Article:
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What made you last think about school meals? When your child started kindergarten? During Michelle Obama's Let's Move! campaign in 2010? Not since you graduated high school?

To many, school meals are not something we give much thought to. At Food Connects, we work to dispel people's biases about school meals, partner with school nutrition programs to incorporate more local food and scratch cooking, and share stories of their success. We were inspired recently when reading Jennifer Gaddis' new book, "The Labor of Lunch: Why We Need Real Food and Real Jobs in American Public Schools" which broadens the spotlight on school meals. Gaddis states, "Ultimately, school lunch is about community. It's also about the conflict between civil society, the government, and the private sector over what children should be fed, whose responsibility it is to feed them, who should do the work of feeding them, and what, exactly, this work should entail. More often than not, food for children to eat at school is prepared by a woman — a child's caregiver, a private sector factory worker, or a public sector lunch lady — for free or for poverty wages."

All of a sudden school lunch doesn't feel as innocuous as previously thought.

The history of the National School Lunch Program (NSLP) starts in the early 1900s when feminist activists Emma Smedley and Ellen Swallow Richards took on the work of a nonprofit lunch program and advanced the new science of home economics. We've come a long way since the early 1900s — far stricter food safety regulations and cafeterias finding a permanent home in schools — and yet we're still engaged in debates over universal free meals and for-profit vs non-profit lunch programs. This history is a good reminder that progress isn't always linear and successful activism is a balance of ideology and pragmatism.

One of the pragmatic compromises made by early activists set the stage for the dichotomy we're still working to dissolve today — that school nutrition programs need to "break-even" financially, despite no other school program shouldering the same expectation (imagine the administration expecting the science department to raise revenues to cover the cost of lab equipment). Due to conservative, mostly male, school boards and administrations dictating policy, in the newly created school lunch programs, cheapness — at the expense of quality and workers — reigned supreme.     

Throughout the years, there have been persistent efforts by schools to reduce costs and corporations to eke out profits. Both, typically, at the expense of those serving our kids and most affecting poor people and communities of color. Along with women, BIPOC leaders were often on the frontlines fighting for change. The 1960s saw Dr. Martin Luther King Jr.'s Poor People's Campaign call upon the government to provide free lunch to all poor children and the Black Panther Party running the Free Breakfast for Children Program. In the 1970s there was a conservative backlash and school cafeterias were opened up to private corporations.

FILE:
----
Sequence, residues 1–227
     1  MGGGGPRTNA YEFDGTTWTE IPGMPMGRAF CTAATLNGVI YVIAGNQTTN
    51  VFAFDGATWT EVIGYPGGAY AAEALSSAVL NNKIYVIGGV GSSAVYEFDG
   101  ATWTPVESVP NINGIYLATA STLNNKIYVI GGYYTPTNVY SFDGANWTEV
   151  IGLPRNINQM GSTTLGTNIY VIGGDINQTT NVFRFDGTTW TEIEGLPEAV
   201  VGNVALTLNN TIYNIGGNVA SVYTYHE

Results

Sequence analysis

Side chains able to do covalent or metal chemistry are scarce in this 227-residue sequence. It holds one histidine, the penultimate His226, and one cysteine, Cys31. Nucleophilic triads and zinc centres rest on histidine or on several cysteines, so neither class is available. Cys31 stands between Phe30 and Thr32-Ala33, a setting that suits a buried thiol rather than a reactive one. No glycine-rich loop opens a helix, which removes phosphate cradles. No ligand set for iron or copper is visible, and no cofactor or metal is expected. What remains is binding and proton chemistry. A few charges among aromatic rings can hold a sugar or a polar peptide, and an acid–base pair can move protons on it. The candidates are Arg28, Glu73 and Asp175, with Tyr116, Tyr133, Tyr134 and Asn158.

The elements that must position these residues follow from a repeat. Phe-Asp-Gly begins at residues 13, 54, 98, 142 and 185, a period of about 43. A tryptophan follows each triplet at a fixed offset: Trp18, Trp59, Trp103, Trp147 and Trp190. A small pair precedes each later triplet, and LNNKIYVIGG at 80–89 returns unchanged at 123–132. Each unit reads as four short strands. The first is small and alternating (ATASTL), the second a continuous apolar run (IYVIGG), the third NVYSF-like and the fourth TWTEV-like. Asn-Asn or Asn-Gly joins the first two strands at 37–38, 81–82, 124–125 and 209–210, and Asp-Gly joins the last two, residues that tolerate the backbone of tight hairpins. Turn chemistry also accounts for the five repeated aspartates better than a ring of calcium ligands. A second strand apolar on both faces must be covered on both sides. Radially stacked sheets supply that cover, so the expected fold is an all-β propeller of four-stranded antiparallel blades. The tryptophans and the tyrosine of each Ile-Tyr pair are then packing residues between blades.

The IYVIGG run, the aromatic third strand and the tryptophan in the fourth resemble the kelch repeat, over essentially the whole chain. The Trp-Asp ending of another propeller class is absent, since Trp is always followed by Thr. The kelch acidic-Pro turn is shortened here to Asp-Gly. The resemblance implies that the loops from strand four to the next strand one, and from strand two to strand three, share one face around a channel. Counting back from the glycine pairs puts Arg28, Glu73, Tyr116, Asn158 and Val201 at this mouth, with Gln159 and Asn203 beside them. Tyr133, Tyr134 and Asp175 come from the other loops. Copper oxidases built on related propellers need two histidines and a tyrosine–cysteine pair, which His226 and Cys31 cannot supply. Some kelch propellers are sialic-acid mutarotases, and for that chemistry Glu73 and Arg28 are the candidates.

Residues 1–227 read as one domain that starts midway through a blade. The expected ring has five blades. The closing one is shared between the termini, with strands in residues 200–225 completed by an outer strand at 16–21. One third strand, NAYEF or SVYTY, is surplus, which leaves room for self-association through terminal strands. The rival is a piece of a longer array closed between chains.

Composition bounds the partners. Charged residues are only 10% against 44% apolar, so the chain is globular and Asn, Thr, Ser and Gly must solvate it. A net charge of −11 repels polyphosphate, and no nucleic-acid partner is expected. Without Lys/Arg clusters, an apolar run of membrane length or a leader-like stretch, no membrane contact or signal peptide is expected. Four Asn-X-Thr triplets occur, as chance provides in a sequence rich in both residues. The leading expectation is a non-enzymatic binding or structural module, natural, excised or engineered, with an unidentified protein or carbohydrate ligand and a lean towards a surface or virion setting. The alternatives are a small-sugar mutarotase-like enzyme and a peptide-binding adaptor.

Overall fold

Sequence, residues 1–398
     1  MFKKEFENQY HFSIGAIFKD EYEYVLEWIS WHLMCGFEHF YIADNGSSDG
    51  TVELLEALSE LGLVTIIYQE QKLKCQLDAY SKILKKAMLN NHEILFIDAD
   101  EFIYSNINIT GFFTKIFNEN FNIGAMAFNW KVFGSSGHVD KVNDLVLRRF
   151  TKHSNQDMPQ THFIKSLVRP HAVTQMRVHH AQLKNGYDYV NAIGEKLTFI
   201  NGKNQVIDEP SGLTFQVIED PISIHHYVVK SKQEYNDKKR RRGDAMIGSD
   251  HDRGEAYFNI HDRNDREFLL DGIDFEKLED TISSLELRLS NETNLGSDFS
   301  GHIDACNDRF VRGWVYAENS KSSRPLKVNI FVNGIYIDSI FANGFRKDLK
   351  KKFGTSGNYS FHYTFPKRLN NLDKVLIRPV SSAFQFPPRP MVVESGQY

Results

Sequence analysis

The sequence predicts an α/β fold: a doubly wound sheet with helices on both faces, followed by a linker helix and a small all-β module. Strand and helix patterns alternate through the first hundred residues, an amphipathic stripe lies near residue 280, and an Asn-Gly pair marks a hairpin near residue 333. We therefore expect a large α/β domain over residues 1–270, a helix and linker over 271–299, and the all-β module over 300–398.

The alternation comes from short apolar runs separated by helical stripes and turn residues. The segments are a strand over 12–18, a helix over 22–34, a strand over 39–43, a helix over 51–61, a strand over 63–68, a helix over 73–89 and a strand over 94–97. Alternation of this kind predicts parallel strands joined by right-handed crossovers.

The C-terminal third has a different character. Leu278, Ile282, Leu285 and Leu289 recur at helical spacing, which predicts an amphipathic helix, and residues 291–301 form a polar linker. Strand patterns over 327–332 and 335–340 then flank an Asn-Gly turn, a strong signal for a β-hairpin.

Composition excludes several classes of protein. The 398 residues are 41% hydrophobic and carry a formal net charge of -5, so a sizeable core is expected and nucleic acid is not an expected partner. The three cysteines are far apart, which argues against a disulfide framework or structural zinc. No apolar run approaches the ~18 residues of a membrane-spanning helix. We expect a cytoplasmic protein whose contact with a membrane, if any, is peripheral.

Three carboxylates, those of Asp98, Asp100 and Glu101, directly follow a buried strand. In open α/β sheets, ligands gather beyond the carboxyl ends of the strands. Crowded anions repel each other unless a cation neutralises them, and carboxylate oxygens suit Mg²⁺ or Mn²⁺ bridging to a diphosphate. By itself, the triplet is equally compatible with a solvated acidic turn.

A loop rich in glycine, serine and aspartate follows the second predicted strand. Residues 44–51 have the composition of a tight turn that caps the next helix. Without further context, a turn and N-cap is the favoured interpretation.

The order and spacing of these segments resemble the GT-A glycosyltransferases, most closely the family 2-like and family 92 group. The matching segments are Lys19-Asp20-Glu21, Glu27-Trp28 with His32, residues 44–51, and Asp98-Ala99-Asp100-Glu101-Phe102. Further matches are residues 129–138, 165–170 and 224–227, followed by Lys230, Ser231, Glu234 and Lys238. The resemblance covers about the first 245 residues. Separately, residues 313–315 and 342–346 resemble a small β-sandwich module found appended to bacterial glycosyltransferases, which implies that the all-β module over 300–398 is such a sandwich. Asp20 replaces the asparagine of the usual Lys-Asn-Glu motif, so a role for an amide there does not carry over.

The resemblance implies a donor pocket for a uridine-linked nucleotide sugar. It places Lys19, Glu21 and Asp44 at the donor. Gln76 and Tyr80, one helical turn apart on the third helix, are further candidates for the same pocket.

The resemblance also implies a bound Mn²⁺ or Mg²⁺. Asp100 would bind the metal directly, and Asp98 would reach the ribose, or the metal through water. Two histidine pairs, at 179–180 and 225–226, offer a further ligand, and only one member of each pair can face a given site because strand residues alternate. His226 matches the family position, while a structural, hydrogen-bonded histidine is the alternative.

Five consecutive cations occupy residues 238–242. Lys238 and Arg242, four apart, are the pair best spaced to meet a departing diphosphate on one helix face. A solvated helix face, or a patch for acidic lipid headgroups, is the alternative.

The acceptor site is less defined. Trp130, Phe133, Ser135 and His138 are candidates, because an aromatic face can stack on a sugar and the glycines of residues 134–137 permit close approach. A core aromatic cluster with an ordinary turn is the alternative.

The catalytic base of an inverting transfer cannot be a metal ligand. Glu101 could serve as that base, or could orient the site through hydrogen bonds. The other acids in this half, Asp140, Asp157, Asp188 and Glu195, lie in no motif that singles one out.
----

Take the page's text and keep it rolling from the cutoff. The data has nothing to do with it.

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"The Labor of Lunch" follows New Haven chapters of the labor union Unite Here, as well as Minneapolis Public Schools, as examples of how to establish better economies of care within schools. These labor movements emphasize the inextricable connection between food justice and racial justice. While both should be taught to our students, they should also be practiced in our schools.

In Windham County, we can look to Windham Central Supervisory Union (Seed2Tray) and Windham Northeast Supervisory Union (Farm to School Cafe), as well as individual schools such as Putney Central School and Marlboro School, to find schools valuing labor. In all these cases, staff saw their pay increase and were offered school benefits when the schools started running their own meal programs. These are the test pilots for our entire region as we move back to locally-focused school nutrition programs that value workers and the quality of the food.

Gaddis concludes by suggesting a "more expansive vision of what food systems could look like if we focus our collective efforts on transforming the NSLP into a hub for food justice — real food and real jobs — in every community across the rural-urban divine." From the push for universal meals to local food hubs and community kitchens, much of that work has already taken hold in our region. With widespread community support and creative solutions, we could find our community leading the next step in the food justice movement.

Conor Floyd is the Farm to School program manager at Food Connects, where he supports increased local purchasing, school meal participation, and food, farm, and nutrition education in Windham County schools. Food Connects is an entrepreneurial nonprofit that delivers locally produced food as well as educational and consulting services aimed at transforming local food systems. The opinions expressed by columnists do not necessarily reflect the views of the Brattleboro Reformer.